2. Kris, it is so hard to watch those we love struggle. I have been struck with the word “overcome” the last few days. And here is what I am learning – we throw the word overcome or overcomers around pretty casually. We forget that to be defined as an overcomer entails actually having been in a battle. It’s the process or the journey which makes us overcomers. Even more so, when the stresses of life seemingly overcome us, He overcomes. And for that I am most grateful these days. “This is the victory that has overcome the world, even our faith. Who is it that overcomes the world? Only he who believes that Jesus is the Son of God.” (1 John 5:4-5, NIV). Hold tightly to Him! Blessings!

  3. Such an important life lesson Kris, for all of us. You wrote this out so beautifully. And maybe that story rattling around in your mind was for all of us, your faithful readers, as much as it was for you to remember. Thank you.

    1. Thanks, Shelly. It’s a funny thing the way memories surface sometimes. I trust God with is, I felt His nudge, and I am grateful for the way He uses our messy stories to encourage others. Love you, my friend.

  4. Karrilee Aggett

    So – my friend, you may not be surprised that I have a half-written post on being light in the darkness… but the words stopped up yesterday and it sits unfinished. I am praying for you girlie. This is beautiful and honest and so honoring. I have stood broken hearted in the middle of trying to fix… I wonder back there from time to time unaware. Through it all, the one who crafted and created everything, is at work… filling the broken places with glory! So glad you shared!

    1. Yes, Karrilee, He is always at work. This truth has been hard-pressed into my heart lately. May we never forget that things are not only what we see…. Love to you. Praying for the words to finish your post. 😉

  5. I don’t think there is anything harder in this world than watching a child suffer… and how helpless we can feel… this sacred space is where the hard wrestle comes with God… I can remember when one of my sons was very sick… and God gentle whispered in my ear… “you have told your kids all their lives that God loves them even more than their mom and dad does… that God loves them perfectly… now, do you believe that too?” I had to come face to face with this question… and I am not sure an honest answer can be found outside of this kind of testing with a child. May Grace continue to lift you and hold you… and the God of all comfort wrap you like a blanket!!!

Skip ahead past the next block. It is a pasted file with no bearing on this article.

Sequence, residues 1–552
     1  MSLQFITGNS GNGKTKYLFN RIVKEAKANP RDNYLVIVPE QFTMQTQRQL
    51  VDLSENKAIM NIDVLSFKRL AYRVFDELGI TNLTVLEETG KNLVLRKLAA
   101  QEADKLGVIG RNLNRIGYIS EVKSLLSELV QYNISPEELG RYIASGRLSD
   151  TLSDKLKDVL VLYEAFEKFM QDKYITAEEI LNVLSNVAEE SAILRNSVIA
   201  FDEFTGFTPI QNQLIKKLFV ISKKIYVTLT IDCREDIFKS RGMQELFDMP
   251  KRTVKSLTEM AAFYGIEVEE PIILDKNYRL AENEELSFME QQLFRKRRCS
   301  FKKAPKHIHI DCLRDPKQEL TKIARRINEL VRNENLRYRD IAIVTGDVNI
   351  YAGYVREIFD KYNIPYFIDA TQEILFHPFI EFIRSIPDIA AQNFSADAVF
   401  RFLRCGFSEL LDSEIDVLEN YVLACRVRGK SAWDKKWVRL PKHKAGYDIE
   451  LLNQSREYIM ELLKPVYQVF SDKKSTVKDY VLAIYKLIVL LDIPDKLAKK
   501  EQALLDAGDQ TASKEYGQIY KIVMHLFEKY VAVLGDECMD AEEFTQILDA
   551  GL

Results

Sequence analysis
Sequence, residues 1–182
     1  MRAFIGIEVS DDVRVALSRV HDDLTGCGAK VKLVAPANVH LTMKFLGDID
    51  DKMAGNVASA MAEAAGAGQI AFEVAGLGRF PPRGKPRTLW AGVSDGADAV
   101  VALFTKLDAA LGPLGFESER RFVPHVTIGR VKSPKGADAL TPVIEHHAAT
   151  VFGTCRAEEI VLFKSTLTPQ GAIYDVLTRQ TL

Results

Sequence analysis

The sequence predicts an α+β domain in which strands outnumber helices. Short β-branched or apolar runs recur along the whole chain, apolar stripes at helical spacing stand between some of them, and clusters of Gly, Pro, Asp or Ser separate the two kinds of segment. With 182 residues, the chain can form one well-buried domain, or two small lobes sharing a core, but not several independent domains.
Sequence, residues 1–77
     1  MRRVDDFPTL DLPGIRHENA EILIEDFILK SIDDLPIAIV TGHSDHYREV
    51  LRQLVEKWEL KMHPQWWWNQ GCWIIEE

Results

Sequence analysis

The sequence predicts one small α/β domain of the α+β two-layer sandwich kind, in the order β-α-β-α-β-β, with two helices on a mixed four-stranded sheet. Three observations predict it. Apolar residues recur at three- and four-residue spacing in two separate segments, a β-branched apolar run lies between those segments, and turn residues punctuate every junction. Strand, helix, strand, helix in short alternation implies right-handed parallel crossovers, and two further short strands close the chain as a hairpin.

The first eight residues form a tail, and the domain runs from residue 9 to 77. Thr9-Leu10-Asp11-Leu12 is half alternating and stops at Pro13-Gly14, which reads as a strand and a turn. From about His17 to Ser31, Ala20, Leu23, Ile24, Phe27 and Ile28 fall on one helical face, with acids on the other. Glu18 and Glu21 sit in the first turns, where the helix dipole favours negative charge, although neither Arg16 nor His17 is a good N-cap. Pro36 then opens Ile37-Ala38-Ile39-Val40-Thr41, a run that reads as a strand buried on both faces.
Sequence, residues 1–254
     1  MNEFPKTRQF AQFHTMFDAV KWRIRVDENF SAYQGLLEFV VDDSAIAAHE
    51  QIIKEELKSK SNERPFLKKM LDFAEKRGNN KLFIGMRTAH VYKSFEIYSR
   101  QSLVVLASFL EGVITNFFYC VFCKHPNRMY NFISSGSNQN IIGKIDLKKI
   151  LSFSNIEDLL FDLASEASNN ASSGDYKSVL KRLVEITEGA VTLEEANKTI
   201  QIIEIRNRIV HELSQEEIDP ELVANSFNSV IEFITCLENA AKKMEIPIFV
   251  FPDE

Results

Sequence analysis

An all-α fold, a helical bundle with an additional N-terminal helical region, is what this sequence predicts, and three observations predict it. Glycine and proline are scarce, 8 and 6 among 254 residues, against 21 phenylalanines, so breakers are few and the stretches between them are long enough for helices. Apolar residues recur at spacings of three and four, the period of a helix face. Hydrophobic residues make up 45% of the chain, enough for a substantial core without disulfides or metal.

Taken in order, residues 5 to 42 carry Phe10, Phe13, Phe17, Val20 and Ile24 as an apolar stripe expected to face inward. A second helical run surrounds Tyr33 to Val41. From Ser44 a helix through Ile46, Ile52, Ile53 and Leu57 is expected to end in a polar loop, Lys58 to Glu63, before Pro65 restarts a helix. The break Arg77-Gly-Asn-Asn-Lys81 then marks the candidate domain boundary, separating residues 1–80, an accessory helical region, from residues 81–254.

6. Jody Ohlsen Collins

    Kris, this is a powerful revelation and I can so relate. My mantra lately has been “The relationship is more important than being right”. I sometimes forget how big and powerful my God is. to deal with whatever is broken. I am not the Fixer. No sir.
    God bless you for sharing this and may He continue to bring more power and light into this current situation.

  7. Oh friend. I can’t breathe. I want to fix people, too. And especially with my kids, I feel responsible for their struggles. If I could fix them, maybe I could fix myself. And yet… there is only one Fixer-Upper. All I can do is admit my need for Him in my own brokenness and let His light shine through my cracks. Love you big.

  8. Kelly Boyer Sagert

    I love how you got to the core of the issue: you want to fix people, but can’t. I do, too — and that’s a very hard lesson to absorb and learn. I also love your conclusion about what Christ calls us to do.

  9. Monica Snyder

    Kris, I’m grateful for your God given courage to share this and let us pray even more for you and your family. I was the girl on the other side, the one who needed fixing, for a very long time. Raised in a church family, an elder dad, a serving mother . . . oh how my heart and life grieved them for many years. God loves to make His Grace greater through stories of redemption and also the back stories like the father waiting and looking down the lane for his son to return home. LOVE.

  10. i resonate with much of what you are talking about Kris. this past year, we have been worshiping in a church where the pastor (and session) keep talking about the fact that we can’t fix each other. yes, i think. of course, i know that. but after nearly 18 months, it is just sinking into me in more than an intellectual way. i can love people, but i can’t fix them. only GOD can. only the transforming power of Christ can truly change them. i can’t fix that. part of the process needs to be my vulnerability. and i hate having that be a part of it. it means i can be hurt in the process of genuinely loving another person! and i have been. and i don’t like it. i don’t think Jesus enjoyed it either.


  11. Such a tough lesson for us to learn. I love how you remind us we are called to come alongside people in the darkness and to reflect that light in Christ, not to “fix” them. Thank you, Kris, for this gentle reminder I need to remember each day.